Act 773 passed on 23rd December 2008 and entitled Borrower and Lenders Act states in its opening paragraph as follows
“An Act to provide the legal frame work for credit, to improve standards of disclosure of information by borrowers and lenders to prohibit certain credit practices, to promote a consistent enforcement framework related to credit, and to provide for related matters”
Insisting on the application in question being brought on notice when the Act does not so insist will not promote the achievement of the above purpose. I am of the considered opinion that the Respondent was by law at liberty to bring the motion in question as he did.
Grounds (i),(ii) and(vi) are dismissed as lacking merit.
In any case what is the purpose of bringing an application on notice? First it must be noted that by this Application the Respondent was seeking the help of a State institution to carry out an action or process which but the possibility of a breach of the peace they could have carried out by themselves. The discretion to be exercised by the court hearing the application was whether or not in the circumstances, the Respondents were worthy of such help from the State institution. Secondly, it is trite that the purpose of giving a party notice is to make him aware of what is going on so he can put forth his version of events. I have earlier found that the Respondents were not obliged by law to give notice of the application to the Respondent but the Record shows that the Appellant cannot feign lack of knowledge of the processes leading to the present application.
Sections 32 to 35 of the Act is entitled Enforcement of borrower’s obligations. Section 32 requires a defaulting borrower to be given notice of a default in payment in writing when he commits such a default.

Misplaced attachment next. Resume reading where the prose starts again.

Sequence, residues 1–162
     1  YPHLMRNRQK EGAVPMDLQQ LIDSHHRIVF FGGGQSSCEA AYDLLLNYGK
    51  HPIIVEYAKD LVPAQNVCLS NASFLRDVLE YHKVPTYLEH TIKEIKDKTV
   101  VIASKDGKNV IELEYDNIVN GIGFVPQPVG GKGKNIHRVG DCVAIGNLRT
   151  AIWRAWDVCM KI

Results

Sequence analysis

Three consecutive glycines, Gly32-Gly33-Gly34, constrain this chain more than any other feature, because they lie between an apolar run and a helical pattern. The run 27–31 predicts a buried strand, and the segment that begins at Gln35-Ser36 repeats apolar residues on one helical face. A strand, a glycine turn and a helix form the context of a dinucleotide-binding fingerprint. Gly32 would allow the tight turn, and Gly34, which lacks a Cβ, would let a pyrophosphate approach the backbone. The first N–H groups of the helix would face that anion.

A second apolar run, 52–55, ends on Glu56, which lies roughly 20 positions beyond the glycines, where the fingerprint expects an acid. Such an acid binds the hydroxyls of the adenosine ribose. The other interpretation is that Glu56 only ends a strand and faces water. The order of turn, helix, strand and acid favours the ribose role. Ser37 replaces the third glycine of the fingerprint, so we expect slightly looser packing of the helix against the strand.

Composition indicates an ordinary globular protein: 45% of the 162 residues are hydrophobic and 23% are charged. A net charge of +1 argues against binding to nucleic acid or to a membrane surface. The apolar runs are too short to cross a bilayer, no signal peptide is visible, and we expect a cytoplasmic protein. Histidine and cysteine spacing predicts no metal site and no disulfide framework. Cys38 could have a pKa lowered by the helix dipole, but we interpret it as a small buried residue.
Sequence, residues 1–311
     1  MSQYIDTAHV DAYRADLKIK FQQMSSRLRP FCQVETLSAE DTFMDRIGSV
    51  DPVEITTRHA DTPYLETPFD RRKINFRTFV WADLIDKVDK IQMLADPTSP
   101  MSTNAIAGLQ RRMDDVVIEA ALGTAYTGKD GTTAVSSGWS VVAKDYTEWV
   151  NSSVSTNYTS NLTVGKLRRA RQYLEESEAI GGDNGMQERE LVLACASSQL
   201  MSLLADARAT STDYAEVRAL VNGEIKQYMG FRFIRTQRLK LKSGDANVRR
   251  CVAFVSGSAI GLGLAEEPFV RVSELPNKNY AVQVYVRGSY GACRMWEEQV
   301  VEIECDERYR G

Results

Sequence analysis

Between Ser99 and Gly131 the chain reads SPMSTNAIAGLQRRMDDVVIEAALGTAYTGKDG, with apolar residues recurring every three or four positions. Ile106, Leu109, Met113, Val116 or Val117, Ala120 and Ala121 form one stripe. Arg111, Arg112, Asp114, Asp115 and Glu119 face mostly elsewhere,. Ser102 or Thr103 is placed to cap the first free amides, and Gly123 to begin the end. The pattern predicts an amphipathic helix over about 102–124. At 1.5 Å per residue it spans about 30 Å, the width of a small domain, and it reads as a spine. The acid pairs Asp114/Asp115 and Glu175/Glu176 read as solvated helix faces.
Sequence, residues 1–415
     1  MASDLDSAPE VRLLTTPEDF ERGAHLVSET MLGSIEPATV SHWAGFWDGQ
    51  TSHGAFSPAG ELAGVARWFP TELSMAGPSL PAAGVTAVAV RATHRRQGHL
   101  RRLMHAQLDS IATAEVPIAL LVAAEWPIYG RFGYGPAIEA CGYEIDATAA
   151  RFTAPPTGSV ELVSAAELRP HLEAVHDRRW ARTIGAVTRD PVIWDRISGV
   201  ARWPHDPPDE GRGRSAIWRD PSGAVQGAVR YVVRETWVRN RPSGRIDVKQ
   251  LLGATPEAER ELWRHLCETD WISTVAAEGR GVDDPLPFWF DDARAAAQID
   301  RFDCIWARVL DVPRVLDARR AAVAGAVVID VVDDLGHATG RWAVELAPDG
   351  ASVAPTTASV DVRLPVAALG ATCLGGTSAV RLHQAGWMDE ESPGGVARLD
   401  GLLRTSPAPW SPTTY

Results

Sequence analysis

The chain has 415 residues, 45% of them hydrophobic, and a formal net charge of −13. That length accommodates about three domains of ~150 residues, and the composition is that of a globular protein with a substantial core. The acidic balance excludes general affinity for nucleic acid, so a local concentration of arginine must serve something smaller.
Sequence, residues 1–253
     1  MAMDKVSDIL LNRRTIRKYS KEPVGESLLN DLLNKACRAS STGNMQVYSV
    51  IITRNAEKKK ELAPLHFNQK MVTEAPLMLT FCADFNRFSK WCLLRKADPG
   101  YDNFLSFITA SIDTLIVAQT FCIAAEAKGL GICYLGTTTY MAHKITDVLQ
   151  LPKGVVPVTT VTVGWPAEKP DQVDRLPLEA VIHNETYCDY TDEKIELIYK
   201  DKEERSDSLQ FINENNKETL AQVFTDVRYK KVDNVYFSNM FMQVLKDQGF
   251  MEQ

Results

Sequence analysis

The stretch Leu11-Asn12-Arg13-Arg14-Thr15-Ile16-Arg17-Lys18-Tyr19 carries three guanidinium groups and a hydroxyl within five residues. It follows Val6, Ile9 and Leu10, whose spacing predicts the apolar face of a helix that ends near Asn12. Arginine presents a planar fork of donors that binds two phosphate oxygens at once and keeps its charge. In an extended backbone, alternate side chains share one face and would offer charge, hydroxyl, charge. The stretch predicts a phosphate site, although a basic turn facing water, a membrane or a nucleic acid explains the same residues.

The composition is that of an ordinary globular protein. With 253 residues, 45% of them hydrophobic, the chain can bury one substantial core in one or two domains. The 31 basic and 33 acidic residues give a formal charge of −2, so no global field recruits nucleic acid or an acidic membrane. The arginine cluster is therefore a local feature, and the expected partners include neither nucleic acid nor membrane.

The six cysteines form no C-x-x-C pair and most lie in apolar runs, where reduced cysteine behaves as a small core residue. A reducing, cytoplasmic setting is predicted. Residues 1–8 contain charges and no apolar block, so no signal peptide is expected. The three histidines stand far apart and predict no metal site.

The Appellant does not deny having made a default in payment or that he received several demand notices one of which dated 17th March 2015 informed him that Respondent would take all steps including realizing the property used as collateral through the Collateral Registry. Appellant does not deny receiving this letter or that he failed to pay up.
In line with the above notice and section 33(b) of the Act which gives the lender the option of realizing the security in the property charged on notice to whoever is in possession of the said property, the Respondent obtained a Memorandum of No Objection on 3rd November 2015 from the Collateral Registry to realize the charge.
From this time till the present application was brought exhibits on record show there was an advertisement of the property for sale, and some notice posted on the wall of the property about an intended auction which the Respondent resisted by way of a letter dated 8th February from his then Solicitors which claimed that the auction could only be conducted after a court order had been obtained.
The above narration shows that by following the process outlined in the Act, the Respondent gave the Appellant continuing notice of their intention to realise the security in the property charged. Clearly then, the Appellant had been given the notice he was entitled to be given by law. He cannot after all these notices claim that things have been done on his blind side and that the audi alteram partem rule has been breached.
I find it appropriate at this stage to quote a portion of the judgment of Ormrod LJ in the case of Norwest Holst Ltd v Department of Trade  3 All ER 280@ 294 where he states that
The phrase “the requirements of natural justice” seems to be mesmerizing people at the moment. This must, I think, be due to the apposition of the words “natural” with “justice”. It has been pointed out many times that the word “natural” adds nothing except perhaps a hint of nostalgia for the good old days when nasty things did not happen. If instead we omit it and put the question in the form stated in Fischer v Keane [(1878) 11 CH D 353]: Have the ordinary principles of justice been complied with? It at once becomes much more realistic and even mundane……Another source of confusion is the automatic identification of the phrase “natural justice” with giving the person concerned an opportunity of stating his side of the story and so on. In many cases, of course, the two are synonymous but not by any in all”
The Appellant had no story to be told in the application brought before the high court. Regarding the matter of realizing the security in the property he had used as collateral for the loan he took, the Appellant had had all the opportunity to tell his side of the story since he had been served with all the required notices.
With this conclusion comes a finding that grounds (iii),(iv) and (v) also lack merit and are hereby dismissed.
In conclusion this appeal is dismissed in its entirety.